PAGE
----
(or (eq termx termy)
(and termx termy
(with-variable-invocation (alpha-equal-terms termx termy))))))
causes an assertion failure
The assertion (EQ (C::LAMBDA-TAIL-SET C::CALLER)
(C::LAMBDA-TAIL-SET (C::LAMBDA-HOME C::CALLEE))) failed.
Bob Rogers reports (1999-07-28 on cmucl-imp@cons.org) a smaller test
case with the same problem:
(defun parse-fssp-alignment ()
;; Given an FSSP alignment file named by the argument . . .
(labels ((get-fssp-char ()
(get-fssp-char))
(read-fssp-char ()
(get-fssp-char)))
;; Stub body, enough to tickle the bug.
(list (read-fssp-char)
(read-fssp-char))))
66:
ANSI specifies that the RESULT-TYPE argument of CONCATENATE must be
a subtype of SEQUENCE, but CONCATENATE doesn't check this properly:
(CONCATENATE 'SIMPLE-ARRAY #(1 2) '(3)) => #(1 2 3)
This also leads to funny behavior when derived type specifiers
are used, as originally reported by Milan Zamazal for CMU CL (on the
Debian bugs mailing list (?) 2000-02-27), then reported by Martin
Atzmueller for SBCL (2000-10-01 on sbcl-devel@lists.sourceforge.net):
(DEFTYPE FOO () 'SIMPLE-ARRAY)
(CONCATENATE 'FOO #(1 2) '(3))
=> #<ARRAY-TYPE SIMPLE-ARRAY> is a bad type specifier for
sequence functions.
The derived type specifier FOO should act the same way as the
built-in type SIMPLE-ARRAY here, but it doesn't. That problem
doesn't seem to exist for sequence types:
(DEFTYPE BAR () 'SIMPLE-VECTOR)
(CONCATENATE 'BAR #(1 2) '(3)) => #(1 2 3)
67:
As reported by Winton Davies on a CMU CL mailing list 2000-01-10,
and reported for SBCL by Martin Atzmueller 2000-10-20: (TRACE GETHASH)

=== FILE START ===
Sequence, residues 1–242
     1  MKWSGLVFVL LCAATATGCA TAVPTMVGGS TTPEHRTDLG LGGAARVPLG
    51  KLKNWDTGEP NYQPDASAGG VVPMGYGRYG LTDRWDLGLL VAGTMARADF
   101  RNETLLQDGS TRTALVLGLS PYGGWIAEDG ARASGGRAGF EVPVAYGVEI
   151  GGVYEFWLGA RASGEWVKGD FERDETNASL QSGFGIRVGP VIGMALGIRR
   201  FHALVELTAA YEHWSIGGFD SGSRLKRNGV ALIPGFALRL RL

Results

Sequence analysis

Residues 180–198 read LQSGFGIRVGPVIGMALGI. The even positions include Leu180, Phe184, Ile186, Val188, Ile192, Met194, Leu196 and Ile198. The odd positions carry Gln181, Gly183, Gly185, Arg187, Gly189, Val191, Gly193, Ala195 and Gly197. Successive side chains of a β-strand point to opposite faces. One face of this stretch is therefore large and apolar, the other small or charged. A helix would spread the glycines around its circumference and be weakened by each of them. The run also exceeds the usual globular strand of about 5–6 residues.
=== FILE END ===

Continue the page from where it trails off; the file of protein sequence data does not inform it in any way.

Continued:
crashes SBCL. In general tracing anything which is used in the
implementation of TRACE is likely to have the same problem.
68:
As reported by Daniel Solaz on cmucl-help@cons.org 2000-11-23,
SXHASH returns the same value for all non-STRUCTURE-OBJECT instances,
notably including all PCL instances. There's a limit to how much
SXHASH can do to return unique values for instances, but at least
it should probably look at the class name, the way that it does
for STRUCTURE-OBJECTs.
69:
As reported by Martin Atzmueller on the sbcl-devel list 2000-11-22,
> There remains one issue, that is a bug in SBCL:
> According to my interpretation of the spec, the ":" and "@" modifiers
> should appear _after_ the comma-seperated arguments.
> Well, SBCL (and CMUCL for that matter) accept
> (ASSERT (STRING= (FORMAT NIL "~:8D" 1) " 1"))
> where the correct way (IMHO) should be
> (ASSERT (STRING= (FORMAT NIL "~8:D" 1) " 1"))
Probably SBCL should stop accepting the "~:8D"-style format arguments,
or at least issue a warning.
70:
(probably related to bug #65)
The compiler doesn't like &OPTIONAL arguments in LABELS and FLET
forms. E.g.
(DEFUN FIND-BEFORE (ITEM SEQUENCE &KEY (TEST #'EQL))
(LABELS ((FIND-ITEM (OBJ SEQ TEST &OPTIONAL (VAL NIL))
(LET ((ITEM (FIRST SEQ)))
(COND ((NULL SEQ)
(VALUES NIL NIL))
((FUNCALL TEST OBJ ITEM)
(VALUES VAL SEQ))
(T
(FIND-ITEM OBJ (REST SEQ) TEST (NCONC VAL `(,ITEM))))))))
(FIND-ITEM ITEM SEQUENCE TEST)))
from David Young's bug report on cmucl-help@cons.org 30 Nov 2000
causes sbcl-0.6.9 to fail with